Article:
Link – An end-to-end transmission path provided by the cabling infrastructure. Cabling links include all cables and connection hardware that comprise the horizontal or backbone subsystems. Equipment and work area cables are not included as part of a link.

Local Access and Transport Area (LATA) – The local access and transport area of a telephone company.

Local Area Network (LAN) – A geographically limited data communications system for a specific user group consisting of a group of interconnected computers, sharing applications, data and peripheral devices such as printers and CD-ROM drives intended for the local transport of data, video, and voice.

Local Exchange Carrier (LEC) – The local regulated provider of public switched telecommunications services.

Local Exchange Routing Guide (LERG) – A database of the first six digits of telephone numbers that provides routing information for sending calls over the PSTN as well as identifying which local company owns the number.

Local Loop – The telephone line that runs from the local telephone company to the end user’s premise. It can be made up of fiber, copper or wireless media.

Local Number Portability (LNP) – Also known as number porting or number transferring, allows you to keep your current phone number when you switch from one telephone service provider to another.

Local Routing Number (LRN) – A 10-digit code that represents a specific carrier. This code is “attached” to each phone number to indicate which carrier the phone number currently is subscribed with for routing purposes.

Local Utility Users Tax – A telecom tax imposed by some states or localities in the US that varies by jurisdiction. Depending on the state it can be between 0 and 11% of your fees. In Oregon and Washington, it is most often 6% or less of the cost of services.

Loop Back – A diagnostic test in which a signal is transmitted across a medium while the sending device waits for its return. It is helpful in isolating problem devices.

Loop Start – A method of demanding dial tone from the central office by completing an electrical pathway between the outbound and return conductors of a telephone line. Single-line telephone instruments employ Loop start, for example.

Main Cross-Connect – A cross-connect for the first level backbone cables, entrance cables, and equipment cables.

Mean Opinion Score (MOS) – Provides a numerical rating of the perceived voice transmission after compression and/or transmission between 1 and 5. 1 is the lowest and 5 is the highest perceived audio quality rating.

Measured Service – Term generally associated with providing local telephone service on a usage-sensitive basis with calls priced based on two or more of the following usage elements: distance, duration, frequency, and time of day. It is the opposite of flat-rate pricing.

Media Access Control Address (MAC Address) – A unique identifier usually assigned by the device manufacturer and sometimes referred to as the hardware or physical address. It enables VoIP traffic to be routed to a specific device, such as an ATA or IP phone.

Meet-Me Bridge / Meet-Me Teleconferencing – A type of telephone bridge that can be accessed directly by calling a certain access number; provides dial-in teleconferencing. The term “meet-me bridging” refers to the use of this type of bridge.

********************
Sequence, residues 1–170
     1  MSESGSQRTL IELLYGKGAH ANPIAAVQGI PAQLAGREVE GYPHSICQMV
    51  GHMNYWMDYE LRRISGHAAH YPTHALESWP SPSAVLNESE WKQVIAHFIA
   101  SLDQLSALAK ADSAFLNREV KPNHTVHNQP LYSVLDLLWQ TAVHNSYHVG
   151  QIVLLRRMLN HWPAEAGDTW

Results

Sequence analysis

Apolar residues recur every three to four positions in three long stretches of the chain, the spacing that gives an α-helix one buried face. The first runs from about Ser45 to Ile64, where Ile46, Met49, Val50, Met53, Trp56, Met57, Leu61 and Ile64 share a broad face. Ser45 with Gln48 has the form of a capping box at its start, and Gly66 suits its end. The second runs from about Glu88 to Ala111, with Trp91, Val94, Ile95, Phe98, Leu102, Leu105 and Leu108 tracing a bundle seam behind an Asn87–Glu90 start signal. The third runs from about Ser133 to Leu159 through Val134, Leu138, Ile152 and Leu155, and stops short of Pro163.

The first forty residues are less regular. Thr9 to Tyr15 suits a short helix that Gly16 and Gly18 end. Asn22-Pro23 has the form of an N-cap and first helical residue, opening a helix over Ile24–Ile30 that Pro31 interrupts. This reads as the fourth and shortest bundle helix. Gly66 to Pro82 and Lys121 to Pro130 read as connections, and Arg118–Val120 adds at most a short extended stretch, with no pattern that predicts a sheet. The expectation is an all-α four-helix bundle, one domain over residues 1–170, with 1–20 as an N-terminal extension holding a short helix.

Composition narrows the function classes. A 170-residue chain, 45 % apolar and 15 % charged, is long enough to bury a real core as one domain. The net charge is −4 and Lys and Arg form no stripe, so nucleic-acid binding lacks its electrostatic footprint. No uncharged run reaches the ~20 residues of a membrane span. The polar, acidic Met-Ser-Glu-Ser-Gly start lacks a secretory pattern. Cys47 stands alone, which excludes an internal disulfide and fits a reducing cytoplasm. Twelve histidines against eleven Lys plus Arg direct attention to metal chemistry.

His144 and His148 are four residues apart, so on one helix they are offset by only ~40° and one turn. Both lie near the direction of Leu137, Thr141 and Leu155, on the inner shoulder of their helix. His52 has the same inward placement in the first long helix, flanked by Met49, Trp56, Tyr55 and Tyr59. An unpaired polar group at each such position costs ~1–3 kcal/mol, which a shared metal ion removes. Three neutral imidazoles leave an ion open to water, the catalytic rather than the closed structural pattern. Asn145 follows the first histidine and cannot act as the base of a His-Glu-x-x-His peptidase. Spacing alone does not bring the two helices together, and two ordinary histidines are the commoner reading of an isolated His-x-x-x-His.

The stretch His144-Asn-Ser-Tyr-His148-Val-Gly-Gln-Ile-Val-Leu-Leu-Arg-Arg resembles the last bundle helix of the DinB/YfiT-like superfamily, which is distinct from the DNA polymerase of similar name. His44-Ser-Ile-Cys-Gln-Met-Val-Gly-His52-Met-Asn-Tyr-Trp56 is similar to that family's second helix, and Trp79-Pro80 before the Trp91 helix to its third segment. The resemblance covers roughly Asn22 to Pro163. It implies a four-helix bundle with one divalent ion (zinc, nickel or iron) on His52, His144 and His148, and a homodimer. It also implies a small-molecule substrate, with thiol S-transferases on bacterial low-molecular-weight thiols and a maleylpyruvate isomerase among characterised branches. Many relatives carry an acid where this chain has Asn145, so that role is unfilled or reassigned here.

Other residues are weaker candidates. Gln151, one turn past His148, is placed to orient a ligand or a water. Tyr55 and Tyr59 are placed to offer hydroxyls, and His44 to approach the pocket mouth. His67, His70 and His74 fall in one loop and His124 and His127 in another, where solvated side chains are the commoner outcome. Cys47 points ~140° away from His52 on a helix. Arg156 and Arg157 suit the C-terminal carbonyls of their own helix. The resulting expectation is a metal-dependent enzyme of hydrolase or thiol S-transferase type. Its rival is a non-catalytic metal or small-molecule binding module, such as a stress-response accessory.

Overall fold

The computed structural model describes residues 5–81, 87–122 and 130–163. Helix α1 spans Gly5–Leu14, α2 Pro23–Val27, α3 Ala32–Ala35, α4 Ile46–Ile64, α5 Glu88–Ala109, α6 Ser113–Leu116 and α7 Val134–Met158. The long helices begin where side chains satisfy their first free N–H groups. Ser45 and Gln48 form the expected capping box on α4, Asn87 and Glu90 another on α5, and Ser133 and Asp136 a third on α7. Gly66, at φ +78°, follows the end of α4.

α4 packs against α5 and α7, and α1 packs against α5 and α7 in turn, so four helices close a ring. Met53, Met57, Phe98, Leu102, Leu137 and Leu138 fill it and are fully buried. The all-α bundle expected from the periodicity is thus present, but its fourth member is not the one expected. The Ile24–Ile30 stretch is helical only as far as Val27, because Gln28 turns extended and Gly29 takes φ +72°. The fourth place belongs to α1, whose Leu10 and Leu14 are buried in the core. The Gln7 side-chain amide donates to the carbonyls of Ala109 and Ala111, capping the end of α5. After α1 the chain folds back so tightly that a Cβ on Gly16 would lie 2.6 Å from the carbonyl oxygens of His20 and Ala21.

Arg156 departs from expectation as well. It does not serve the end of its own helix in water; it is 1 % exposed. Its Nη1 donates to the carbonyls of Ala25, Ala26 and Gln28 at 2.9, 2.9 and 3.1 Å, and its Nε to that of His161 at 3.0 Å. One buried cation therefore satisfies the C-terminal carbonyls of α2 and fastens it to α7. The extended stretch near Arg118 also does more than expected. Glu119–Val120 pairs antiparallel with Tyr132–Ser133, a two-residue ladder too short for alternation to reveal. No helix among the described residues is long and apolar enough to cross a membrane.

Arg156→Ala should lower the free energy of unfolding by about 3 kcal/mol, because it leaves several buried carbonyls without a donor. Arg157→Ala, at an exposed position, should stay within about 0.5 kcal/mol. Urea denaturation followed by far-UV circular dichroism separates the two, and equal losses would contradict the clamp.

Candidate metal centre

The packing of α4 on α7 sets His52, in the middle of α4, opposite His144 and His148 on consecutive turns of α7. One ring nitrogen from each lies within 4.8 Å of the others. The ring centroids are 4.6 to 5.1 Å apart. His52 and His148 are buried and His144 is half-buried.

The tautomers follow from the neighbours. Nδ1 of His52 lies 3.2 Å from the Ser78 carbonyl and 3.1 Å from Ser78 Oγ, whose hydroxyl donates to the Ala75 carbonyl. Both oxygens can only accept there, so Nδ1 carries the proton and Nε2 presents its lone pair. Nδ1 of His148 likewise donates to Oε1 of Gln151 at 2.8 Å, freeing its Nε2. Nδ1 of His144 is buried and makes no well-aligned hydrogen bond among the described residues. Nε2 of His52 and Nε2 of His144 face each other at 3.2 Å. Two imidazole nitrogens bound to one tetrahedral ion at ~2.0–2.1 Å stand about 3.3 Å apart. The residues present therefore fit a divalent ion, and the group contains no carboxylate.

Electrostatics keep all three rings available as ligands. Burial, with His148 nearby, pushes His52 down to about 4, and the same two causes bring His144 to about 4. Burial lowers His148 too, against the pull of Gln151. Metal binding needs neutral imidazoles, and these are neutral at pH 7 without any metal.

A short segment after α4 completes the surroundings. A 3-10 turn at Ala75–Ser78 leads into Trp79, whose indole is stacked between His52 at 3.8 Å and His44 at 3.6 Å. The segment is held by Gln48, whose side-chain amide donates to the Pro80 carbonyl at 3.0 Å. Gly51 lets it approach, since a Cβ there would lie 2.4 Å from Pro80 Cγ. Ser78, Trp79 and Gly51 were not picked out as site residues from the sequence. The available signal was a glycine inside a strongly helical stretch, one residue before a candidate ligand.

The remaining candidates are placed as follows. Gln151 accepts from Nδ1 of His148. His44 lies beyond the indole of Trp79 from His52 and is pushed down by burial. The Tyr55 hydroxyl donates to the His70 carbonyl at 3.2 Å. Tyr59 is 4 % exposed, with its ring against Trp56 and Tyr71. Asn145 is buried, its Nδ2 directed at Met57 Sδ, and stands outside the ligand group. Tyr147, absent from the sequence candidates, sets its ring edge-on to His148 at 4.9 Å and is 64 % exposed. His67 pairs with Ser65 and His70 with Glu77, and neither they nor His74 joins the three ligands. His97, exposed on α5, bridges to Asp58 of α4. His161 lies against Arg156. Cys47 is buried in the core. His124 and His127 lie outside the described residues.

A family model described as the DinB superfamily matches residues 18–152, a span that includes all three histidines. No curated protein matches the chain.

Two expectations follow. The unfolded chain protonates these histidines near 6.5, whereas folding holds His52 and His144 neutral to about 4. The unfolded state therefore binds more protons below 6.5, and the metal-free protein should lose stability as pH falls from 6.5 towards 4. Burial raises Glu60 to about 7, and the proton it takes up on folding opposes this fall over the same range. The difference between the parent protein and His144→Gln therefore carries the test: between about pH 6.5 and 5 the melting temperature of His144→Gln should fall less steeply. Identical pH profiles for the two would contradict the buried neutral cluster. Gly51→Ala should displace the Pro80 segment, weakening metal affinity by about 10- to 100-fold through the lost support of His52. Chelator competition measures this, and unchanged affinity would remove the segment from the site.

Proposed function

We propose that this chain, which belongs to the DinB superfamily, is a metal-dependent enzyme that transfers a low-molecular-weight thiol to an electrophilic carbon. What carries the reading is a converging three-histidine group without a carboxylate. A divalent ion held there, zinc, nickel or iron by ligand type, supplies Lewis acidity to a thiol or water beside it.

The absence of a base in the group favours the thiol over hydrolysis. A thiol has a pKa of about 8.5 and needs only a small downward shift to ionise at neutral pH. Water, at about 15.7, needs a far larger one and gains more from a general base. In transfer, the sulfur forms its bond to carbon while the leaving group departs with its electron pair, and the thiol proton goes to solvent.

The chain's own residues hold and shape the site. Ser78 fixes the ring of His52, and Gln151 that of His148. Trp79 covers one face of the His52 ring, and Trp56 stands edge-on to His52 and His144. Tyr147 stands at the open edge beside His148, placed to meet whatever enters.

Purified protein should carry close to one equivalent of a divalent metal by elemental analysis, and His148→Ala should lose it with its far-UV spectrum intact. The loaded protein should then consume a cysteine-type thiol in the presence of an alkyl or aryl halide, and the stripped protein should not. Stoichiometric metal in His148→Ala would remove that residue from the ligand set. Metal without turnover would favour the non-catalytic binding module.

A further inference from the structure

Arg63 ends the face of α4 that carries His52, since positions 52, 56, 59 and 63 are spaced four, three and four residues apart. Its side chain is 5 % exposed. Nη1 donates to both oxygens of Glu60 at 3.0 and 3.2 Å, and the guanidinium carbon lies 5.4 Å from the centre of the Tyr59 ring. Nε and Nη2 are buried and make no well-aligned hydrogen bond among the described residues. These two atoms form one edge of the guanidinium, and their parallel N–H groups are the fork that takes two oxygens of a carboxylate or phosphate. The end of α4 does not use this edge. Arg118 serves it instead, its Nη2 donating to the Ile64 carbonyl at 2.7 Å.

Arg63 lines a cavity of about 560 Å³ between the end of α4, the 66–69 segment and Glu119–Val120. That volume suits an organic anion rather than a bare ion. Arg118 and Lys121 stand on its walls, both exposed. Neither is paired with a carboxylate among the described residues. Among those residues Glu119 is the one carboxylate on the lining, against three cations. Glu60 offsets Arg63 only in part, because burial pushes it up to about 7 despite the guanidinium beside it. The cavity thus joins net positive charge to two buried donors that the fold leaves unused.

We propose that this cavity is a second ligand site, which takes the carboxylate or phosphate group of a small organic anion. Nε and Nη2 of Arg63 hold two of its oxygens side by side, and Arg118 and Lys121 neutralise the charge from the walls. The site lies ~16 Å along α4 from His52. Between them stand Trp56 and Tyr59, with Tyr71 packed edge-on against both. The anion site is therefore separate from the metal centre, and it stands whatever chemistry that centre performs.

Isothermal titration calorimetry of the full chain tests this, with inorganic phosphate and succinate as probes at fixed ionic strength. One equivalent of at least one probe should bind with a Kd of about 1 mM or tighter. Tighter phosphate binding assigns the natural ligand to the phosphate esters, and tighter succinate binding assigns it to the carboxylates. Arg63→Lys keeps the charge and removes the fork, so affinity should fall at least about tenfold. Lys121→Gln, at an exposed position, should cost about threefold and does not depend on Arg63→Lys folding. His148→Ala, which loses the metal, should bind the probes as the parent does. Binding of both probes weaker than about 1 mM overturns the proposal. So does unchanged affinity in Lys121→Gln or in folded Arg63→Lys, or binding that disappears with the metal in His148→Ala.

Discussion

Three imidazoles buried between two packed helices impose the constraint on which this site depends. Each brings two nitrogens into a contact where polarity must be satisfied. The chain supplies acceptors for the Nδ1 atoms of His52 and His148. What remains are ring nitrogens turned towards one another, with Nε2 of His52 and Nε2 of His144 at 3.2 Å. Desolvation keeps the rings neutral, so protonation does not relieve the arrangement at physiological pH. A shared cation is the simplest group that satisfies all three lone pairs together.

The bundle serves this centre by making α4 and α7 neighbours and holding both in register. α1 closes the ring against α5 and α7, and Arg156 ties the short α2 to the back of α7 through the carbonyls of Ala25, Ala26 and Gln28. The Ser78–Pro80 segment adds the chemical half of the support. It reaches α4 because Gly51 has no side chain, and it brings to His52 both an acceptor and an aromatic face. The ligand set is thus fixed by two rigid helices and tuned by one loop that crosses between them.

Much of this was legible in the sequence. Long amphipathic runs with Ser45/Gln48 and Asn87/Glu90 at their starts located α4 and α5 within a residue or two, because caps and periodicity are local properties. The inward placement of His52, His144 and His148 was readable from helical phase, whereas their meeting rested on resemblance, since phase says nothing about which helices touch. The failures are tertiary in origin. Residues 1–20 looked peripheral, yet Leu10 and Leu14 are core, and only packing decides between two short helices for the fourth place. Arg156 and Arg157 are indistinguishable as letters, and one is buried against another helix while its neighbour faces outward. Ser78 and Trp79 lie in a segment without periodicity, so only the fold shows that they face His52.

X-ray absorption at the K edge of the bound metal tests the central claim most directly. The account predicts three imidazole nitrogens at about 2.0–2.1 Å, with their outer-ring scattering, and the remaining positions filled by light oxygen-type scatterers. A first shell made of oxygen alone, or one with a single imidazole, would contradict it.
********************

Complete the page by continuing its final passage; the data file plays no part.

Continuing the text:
Message Rate – A form of usage-sensitive pricing for local telephone service where usage charges are figured by counting the calls and multiplying the number of calls made by the established per-call charge. An alternative to flat-rate and measured pricing.

Message Waiting Indicator – A lamp on the telephone set base indicating you have received a phone call and have received a new voicemail message.

Messaging – Refers to voicemail, fax, and/or broadcast messaging. Messages can vary in content and media type–the distinction being that they are recorded or stored for pickup in the future.

Metadata – Can tell you the time a call took place, the sending and receiving parties, the ANI (Automatic Number Identification), the DNIS (Dialed Number Identification Service) number, how long the call was and more. This information is most useful when using a CRM Integration.

Mobile Client – An app for your cell phone that allows you to utilize an interface to place and receive calls on behalf of your business, rather than using a more traditional telephone set. This allows you to call out as your business so that those you are calling don’t get your personal cell phone number as well as callers to reach you on your cell phone when the client is activated.

Modem (Modulator-Demodulator) – An electronic device that allows computers to communicate over standard telephone lines. It transforms digital signal into an analog signal and transmits to another modem which then reconstructs the digital signal from the analog signal.

Modular Jack / Plug – A telecommunication outlet/connector for wire or cords. Modular jacks can have 4, 6 or 8 contact positions, but not all the positions need to be equipped with contacts.

Multi-Line Telephone Systems (MLTS) – The phone equipment that is typically used in businesses and some very large homes that have two or more phone lines and multiple extensions (handsets) attached to them.

Multimedia Messaging Service (MMS) – This is the media variant of an SMS message that allows users to send images, videos, or audio via traditional cellular networks.